The plane is then delayed 30 minutes on the ground and we have our chance. We walked back to see Bruce, introduced ourselves and told him we had flown in for the show last night and were headed home. He said, “Me, too.” We thanked him for the great performance the night before (and for all the great nights). He was incredibly gracious, we chatted briefly about where we lived, etc., and then said good-bye and went back to our seats (he was in the last row of 1st class).
When we landed in Newark we walked off the plane with Bruce right next to us. I asked him if I could tell him a little story. I told him about the night he played Sandy at the Continental Arena. My 6 year old son Andrew and I were in the front row on tix we won in the KACF auction. Bruce had thrown him a pick earlier in the evening and acknowledged his energy at 11 PM during Land of Hope and Dreams. (He said, looking at my six year old son, “He’s still going?”) He then introduced Sandy by pointing to my son and saying “We’re gonna send you home with a little lullaby.” As I finished this story in the jetway, Bruce said, “That was your little guy?” I said yes and told him how much it meant to my son (he’ll still calls Sandy “his” song) and how much it meant to me. He said he remebered and called Andrew “crazy” with a big grin and chuckle. He told me to tell Andrew he was glad he had such a good time and to come back again. I then asked Bruce if he could sign an autograph to Andrew and his 3 year old sister Sarah Anne (who had also been to 2 shows–one in Philly and one in Jersey). He was happy to do it and signed to both of them. He shook my hand, told my wife to make sure the kids got the autograph and wished us a Merry Christmas. His ride was waiting at the gate and he walked away. What an incredible time for me, a Bruce fan since 1976.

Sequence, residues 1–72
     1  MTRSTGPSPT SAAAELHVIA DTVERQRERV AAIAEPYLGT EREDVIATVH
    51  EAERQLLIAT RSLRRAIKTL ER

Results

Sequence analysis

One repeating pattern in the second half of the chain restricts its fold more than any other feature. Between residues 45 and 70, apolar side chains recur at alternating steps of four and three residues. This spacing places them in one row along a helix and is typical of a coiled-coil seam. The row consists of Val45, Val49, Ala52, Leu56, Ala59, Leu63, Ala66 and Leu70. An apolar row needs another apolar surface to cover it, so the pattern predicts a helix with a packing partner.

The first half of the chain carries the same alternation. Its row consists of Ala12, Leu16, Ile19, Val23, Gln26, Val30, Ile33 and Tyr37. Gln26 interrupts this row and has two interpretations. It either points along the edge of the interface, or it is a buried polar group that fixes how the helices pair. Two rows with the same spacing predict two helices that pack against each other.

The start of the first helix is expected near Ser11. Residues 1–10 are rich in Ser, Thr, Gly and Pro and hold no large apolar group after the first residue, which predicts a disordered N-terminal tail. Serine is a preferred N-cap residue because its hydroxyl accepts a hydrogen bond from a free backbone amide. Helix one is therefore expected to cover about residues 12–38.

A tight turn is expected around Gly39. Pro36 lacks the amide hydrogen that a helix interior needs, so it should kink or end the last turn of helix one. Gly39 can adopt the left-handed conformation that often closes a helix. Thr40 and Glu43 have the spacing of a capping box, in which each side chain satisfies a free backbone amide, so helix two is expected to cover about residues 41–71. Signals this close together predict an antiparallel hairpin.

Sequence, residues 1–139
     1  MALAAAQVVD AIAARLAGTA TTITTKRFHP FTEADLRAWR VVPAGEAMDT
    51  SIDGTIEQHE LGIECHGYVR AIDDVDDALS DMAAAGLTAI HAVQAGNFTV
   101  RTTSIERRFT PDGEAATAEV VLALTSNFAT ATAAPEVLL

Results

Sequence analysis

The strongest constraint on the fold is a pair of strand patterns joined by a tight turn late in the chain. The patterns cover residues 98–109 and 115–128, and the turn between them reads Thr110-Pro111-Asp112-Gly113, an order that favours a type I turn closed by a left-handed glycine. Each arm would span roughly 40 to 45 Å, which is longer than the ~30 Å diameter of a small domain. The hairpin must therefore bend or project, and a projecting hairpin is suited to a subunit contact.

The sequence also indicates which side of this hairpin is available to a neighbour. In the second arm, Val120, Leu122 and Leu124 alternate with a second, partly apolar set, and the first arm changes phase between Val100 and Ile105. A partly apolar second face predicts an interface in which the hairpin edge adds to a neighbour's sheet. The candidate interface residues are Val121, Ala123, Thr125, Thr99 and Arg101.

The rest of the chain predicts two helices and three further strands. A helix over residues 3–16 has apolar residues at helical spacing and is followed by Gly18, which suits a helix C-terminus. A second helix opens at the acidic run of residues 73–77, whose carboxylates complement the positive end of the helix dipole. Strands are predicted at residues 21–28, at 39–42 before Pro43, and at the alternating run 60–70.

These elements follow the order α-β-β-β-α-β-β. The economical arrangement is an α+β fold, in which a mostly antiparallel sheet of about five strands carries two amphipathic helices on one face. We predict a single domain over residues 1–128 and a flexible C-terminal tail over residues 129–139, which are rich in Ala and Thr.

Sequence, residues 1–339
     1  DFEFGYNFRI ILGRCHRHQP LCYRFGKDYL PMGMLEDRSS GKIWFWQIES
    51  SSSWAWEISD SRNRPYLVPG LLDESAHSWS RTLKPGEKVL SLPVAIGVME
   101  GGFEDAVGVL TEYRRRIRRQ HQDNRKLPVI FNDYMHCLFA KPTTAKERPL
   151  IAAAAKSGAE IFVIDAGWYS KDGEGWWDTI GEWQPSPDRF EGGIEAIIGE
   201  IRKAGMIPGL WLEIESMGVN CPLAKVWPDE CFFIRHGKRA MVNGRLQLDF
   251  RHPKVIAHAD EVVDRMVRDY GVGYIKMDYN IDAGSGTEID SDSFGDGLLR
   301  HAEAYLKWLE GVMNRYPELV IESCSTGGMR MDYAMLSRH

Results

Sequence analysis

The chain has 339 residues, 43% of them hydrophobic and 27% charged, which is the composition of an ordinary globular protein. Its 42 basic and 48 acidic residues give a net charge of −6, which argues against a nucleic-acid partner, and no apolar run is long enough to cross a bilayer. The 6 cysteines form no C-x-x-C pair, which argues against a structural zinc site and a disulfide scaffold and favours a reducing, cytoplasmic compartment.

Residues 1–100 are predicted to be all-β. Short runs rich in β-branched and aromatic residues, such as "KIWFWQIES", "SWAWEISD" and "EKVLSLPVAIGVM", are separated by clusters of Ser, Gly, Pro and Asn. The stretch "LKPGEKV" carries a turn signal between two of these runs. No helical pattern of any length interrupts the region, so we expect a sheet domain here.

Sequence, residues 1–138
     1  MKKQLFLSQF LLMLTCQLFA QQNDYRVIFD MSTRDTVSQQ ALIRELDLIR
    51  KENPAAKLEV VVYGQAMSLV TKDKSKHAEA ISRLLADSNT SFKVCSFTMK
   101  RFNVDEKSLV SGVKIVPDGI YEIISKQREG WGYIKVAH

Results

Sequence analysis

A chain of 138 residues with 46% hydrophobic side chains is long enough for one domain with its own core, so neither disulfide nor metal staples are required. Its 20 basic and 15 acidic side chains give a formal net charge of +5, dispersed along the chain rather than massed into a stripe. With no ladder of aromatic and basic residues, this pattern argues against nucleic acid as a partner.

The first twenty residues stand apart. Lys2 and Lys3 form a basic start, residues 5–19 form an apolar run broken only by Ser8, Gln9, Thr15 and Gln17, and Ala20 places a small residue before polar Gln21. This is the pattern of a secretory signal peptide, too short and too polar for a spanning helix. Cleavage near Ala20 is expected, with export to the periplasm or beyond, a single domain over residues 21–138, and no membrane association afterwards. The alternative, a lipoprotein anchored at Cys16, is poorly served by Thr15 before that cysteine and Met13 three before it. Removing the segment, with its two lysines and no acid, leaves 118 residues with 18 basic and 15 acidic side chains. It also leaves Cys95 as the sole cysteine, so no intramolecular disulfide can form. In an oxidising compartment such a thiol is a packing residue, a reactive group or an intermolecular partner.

He was everything I hoped he would be if I ever got a chance to meet him–gracious and incredibly normal in a truly extraordinary way. That was my Christmas gift.
Chris from Mendham, NJ
I wonder how Bruce would have reacted had he known who that gushing fan would turn out to be in later years. I’d like to think he’d have been just as gracious. Christie didn’t approach his hero as a Republican but as a fan and a fellow music lover.
True Springsteen fans really should not be surprised by this seemingly contradictory state of affairs. The fact is, politics have nothing to do with music. You can shoehorn political messages into your songs but that’s rarely what people are responding to when they listen. It’s the emotions conveyed that determine how people will react. And your emotions are not governed by your political stripe.
Many of the blue-collar folk who listen to (and draw comfort from) Springsteen’s music are heartland Republicans who, nevertheless recognize themselves in the characters that populate the songs of this unapologetic progressive. Springsteen wouldn’t have it any other way, I’m sure.
The themes that can be found running through albums like Born to Run and Darkness on the Edge of Town are universal. Springsteen doesn’t write about Republicans and Democrats, he writes about Americans and about those elements of our identity that are true for all.
So, though the relationship between Christie and his Boss is amusing on one level, on another it is a pure expression of the unity and inclusiveness that good music holds out to us all. The Governor has never been turned away from a Bruce show and I hope he never will be.